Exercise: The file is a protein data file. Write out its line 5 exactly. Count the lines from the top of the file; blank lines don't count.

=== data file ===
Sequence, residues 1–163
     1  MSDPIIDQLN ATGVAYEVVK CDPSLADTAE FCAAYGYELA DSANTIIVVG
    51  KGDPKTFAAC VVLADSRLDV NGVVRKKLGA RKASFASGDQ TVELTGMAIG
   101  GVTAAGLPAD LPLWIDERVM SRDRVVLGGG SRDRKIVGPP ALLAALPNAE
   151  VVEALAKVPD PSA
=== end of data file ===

   151  VVEALAKVPD PSA